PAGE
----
Article  CAS  Google Scholar 

  36. Su MS, Schlicht S, Gänzle MG. Contribution of glutamate decarboxylase in Lactobacillus reuteri to acid resistance and persistence in sourdough fermentation. Microb Cell Fact. 2011;10(Suppl 1):8–21.

    Article  Google Scholar 

  37. Gao X, Yang X, Li J, Zhang Y, Chen P, Lin Z. Engineered global regulator H-NS improves the acid tolerance of E. coli. Microb Cell Fact. 2018;17:118–30.

    Article  Google Scholar 

  38. Hols P, Ferain T, Garmyn D, Bernard N, Delcour J. Use of homologous expression-secretion signals and vector-free stable chromosomal integration in engineering of Lactobacillus plantarum for alpha-amylase and levanase expression. Appl Environ Microb. 1994;60:1401–13.

    CAS  Google Scholar 

  39. Pfaffl MW. A new mathematical model for relative quantification in real-time RT-PCR. Nucleic Acids Res. 2001;29:2002–7.

    Article  Google Scholar 

  40. Ferain T, Garmyn D, Bernard N, Hols P, Delcour AJ. Lactobacillus plantarum ldhL gene: overexpression and deletion. J Bacteriol. 1994;176(3):596–601.

    Article  CAS  Google Scholar 

  41. Nicoloff H, Hubert J-C, Bringel F. In Lactobacillus plantarum, carbamoyl phosphate is synthesized by two carbamoyl-phosphate synthetases (CPS): carbon dioxide differentiates the arginine-repressed from the pyrimidine-regulated CPS. J Bacteriol. 2000;182:3416–22.

    Article  CAS  Google Scholar 

  42. Lim SM, Im DS. Screening and characterization of probiotic lactic acid bacteria isolated from Korean fermented foods. J Microbiol Biotechnol. 2009;19:178–86.

    Article  CAS  Google Scholar 

  43. Rochelle PA, Fry JC, John Parkes R, Weightman AJ. DNA extraction for 16S rRNA gene analysis to determine genetic diversity in deep sediment communities. FEMS Microbiol Lett. 1992;100:59–65.

    Article  CAS  Google Scholar 

  44. Rea K, Cremers TIFH, Westerink BHC. HPLC conditions are critical for the detection of GABA by microdialysis. J Neurochem. 2005;94:672–9.

    Article  CAS  Google Scholar 

  45. Liu SQ, Skinner-Nemec KA, Leathers TD. Lactobacillus buchneri strain NRRL B-30929 converts a concentrated mixture of xylose and glucose into ethanol and other products. J Ind Microbiol Biotechnol. 2008;35:75–81.

    Article  CAS  Google Scholar 

Download references


We would like to thank Prof. Dr. Sheng Yang and Dr. Yuan Jiang from the Shanghai Institute of Plant Physiology and Ecology for their help on gene knockout techniques.


This study was partially supported by the National Key R & D Program (2016YFD0400503), Open Project Program for Key Laboratory of Industrial Biotechnology of Ministry of education (KLIB-KF201605), National First-class Discipline Program of Light Industry Technology and Engineering (LITE2018-12), the Postgraduate Research & Practice Innovation Program of Jiangsu Province (No. KYCX17_1422) and Fundamental Research Funds for the Central Universities (JUSRP116033).

Author information

Authors and Affiliations



LCG, CR and YX conceived this study. CR participated in experiment designs and LCG conducted the experiments. LCG and CR prepared the manuscript. All authors read and approved the final manuscript.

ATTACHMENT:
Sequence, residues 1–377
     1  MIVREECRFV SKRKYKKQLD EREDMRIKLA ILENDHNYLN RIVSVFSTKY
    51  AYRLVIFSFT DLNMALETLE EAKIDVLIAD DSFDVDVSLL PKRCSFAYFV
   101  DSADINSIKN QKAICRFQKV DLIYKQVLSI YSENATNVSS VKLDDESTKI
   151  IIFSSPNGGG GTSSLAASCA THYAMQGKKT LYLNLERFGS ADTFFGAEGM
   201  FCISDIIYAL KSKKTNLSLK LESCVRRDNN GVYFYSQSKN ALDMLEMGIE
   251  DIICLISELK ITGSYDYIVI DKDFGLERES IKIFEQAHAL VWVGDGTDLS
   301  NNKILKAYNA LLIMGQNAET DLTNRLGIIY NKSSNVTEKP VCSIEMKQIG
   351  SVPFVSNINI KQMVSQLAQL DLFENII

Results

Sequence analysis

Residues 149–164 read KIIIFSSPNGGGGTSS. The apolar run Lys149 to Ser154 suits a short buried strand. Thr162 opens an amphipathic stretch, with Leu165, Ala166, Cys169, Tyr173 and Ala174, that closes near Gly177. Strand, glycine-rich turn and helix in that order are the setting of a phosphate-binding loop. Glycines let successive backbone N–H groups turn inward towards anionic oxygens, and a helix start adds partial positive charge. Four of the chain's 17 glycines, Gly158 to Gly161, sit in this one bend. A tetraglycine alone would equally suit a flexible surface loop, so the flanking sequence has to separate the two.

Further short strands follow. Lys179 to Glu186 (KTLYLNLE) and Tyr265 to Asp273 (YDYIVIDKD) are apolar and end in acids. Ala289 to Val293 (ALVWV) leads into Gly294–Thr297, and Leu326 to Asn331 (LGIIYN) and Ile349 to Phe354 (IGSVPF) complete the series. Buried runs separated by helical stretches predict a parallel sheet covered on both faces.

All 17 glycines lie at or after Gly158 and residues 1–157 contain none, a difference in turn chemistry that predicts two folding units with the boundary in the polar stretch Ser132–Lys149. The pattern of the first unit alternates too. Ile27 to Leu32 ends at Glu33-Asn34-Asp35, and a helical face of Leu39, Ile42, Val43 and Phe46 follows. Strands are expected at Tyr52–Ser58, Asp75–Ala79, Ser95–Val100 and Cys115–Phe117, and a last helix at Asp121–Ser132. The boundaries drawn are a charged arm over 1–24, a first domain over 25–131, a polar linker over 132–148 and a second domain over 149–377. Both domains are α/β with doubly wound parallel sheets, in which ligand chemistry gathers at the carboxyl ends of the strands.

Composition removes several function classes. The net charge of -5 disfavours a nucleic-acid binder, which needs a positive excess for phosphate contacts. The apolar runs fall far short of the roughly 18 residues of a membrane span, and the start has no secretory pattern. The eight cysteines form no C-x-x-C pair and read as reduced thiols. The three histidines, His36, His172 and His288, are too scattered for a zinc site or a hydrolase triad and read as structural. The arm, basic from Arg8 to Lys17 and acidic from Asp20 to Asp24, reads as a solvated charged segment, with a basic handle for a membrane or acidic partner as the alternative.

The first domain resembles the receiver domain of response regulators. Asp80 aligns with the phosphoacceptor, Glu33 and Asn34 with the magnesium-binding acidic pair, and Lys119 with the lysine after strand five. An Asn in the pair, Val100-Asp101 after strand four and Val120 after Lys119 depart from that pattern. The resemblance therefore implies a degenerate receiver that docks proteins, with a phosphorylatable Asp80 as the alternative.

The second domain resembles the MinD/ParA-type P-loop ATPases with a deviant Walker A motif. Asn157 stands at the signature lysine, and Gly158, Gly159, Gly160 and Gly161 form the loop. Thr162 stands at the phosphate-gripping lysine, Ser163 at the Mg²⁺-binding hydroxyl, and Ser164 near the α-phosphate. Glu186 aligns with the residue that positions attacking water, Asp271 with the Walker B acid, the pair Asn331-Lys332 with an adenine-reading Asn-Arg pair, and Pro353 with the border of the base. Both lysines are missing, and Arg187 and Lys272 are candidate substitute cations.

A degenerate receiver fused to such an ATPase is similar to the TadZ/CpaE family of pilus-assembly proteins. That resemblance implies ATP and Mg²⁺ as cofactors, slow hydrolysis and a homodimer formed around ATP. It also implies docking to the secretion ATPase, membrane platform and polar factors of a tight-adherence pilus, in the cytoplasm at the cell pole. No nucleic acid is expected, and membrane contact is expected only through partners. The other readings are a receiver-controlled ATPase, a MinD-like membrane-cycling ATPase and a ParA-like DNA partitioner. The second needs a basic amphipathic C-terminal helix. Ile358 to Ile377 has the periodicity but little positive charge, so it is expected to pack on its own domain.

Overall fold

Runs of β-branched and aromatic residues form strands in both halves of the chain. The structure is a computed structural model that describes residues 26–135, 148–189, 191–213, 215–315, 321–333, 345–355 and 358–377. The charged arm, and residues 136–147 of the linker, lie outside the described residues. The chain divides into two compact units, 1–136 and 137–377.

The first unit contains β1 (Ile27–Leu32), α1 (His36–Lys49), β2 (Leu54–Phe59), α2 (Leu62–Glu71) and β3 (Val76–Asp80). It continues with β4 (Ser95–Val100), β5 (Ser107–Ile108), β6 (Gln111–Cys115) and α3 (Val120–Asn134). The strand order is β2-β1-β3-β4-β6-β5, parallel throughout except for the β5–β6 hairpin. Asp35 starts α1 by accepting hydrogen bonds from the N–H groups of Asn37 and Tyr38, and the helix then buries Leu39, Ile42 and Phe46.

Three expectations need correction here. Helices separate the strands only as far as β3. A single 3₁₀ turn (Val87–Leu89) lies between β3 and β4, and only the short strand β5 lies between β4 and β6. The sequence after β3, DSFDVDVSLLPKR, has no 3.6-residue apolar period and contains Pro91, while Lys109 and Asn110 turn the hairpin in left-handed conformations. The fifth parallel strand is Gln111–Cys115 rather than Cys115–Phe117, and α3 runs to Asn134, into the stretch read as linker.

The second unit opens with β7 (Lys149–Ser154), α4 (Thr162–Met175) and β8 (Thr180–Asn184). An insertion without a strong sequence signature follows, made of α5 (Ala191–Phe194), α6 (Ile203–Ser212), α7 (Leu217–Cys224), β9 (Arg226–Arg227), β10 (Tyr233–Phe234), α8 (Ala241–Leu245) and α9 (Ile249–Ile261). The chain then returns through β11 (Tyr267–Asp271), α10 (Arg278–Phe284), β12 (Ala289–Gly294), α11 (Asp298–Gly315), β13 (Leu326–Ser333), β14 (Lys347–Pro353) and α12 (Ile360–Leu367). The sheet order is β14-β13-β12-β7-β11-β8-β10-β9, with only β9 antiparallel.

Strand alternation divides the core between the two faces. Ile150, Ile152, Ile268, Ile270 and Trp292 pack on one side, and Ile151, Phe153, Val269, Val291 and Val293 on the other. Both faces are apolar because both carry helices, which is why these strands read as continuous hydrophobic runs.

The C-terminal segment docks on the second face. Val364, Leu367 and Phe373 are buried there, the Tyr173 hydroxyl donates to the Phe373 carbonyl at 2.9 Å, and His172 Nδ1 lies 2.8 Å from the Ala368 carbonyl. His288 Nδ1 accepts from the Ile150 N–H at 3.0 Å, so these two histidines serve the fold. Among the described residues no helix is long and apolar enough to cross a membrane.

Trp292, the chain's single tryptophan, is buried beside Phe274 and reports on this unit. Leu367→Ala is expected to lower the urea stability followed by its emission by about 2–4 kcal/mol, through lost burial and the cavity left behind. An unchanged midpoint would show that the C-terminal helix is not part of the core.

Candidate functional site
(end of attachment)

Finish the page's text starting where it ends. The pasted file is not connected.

Corresponding author

Correspondence to Yan Xu.

Ethics declarations

Ethics approval and consent to participate

Not applicable.

Consent for publication

Not applicable.

Competing interests

The authors declare that they have no competing interests.

Additional information

Publisher's Note

Springer Nature remains neutral with regard to jurisdictional claims in published maps and institutional affiliations.

Additional files

Additional file 1: Figure S1.

Effect of gadR-deletion on Lactobacillus brevis ATCC 367. (a) Identification of gadR-deletion in L. breivs ATCC 367 (367). (b) Expression level of gadR in strain 367 and 367 gadR-deletion mutant (367ΔgadR).

Additional file 2: Figure S2.

GABA-producing strains were isolated from acidic fermented grains of Chinese liquor production. L. h, Lactobacillus (L.) hilgardii; L. p, L. plantarum; L. pb, L. parabuchnery; L. b, L. brevis.

Additional file 3: Table S1.

List of representative GABA-producing lactic acid bacteria strains.

Additional file 4: Figure S3.

Disruption of gadR eliminates GABA production in L. brevis D17 isolated from acidic habit.

Additional file 5: Figure S4.

(a) Phylogenetic tree based on 16S rRNA gene sequence analysis. Bootstrap values were calculated from 1000 replications and these values were shown at branch point. (b) Gene loci encoding the proteins GadR, GadC and GadB in the genomes of lactic acid bacteria from NCBI. Numbers indicated protein identify.

Rights and permissions

Open Access This article is distributed under the terms of the Creative Commons Attribution 4.0 International License (, which permits unrestricted use, distribution, and reproduction in any medium, provided you give appropriate credit to the original author(s) and the source, provide a link to the Creative Commons license, and indicate if changes were made. The Creative Commons Public Domain Dedication waiver ( applies to the data made available in this article, unless otherwise stated.

Reprints and Permissions

About this article

Verify currency and authenticity via CrossMark

Cite this article

Gong, L., Ren, C. & Xu, Y. Deciphering the crucial roles of transcriptional regulator GadR on gamma-aminobutyric acid production and acid resistance in Lactobacillus brevis. Microb Cell Fact 18, 108 (2019).

Download citation

  • Received:

  • Accepted:

  • Published:

  • DOI:


  • Lactobacillus brevis
  • GadR
  • Acid resistance
  • γ-Aminobutyric acid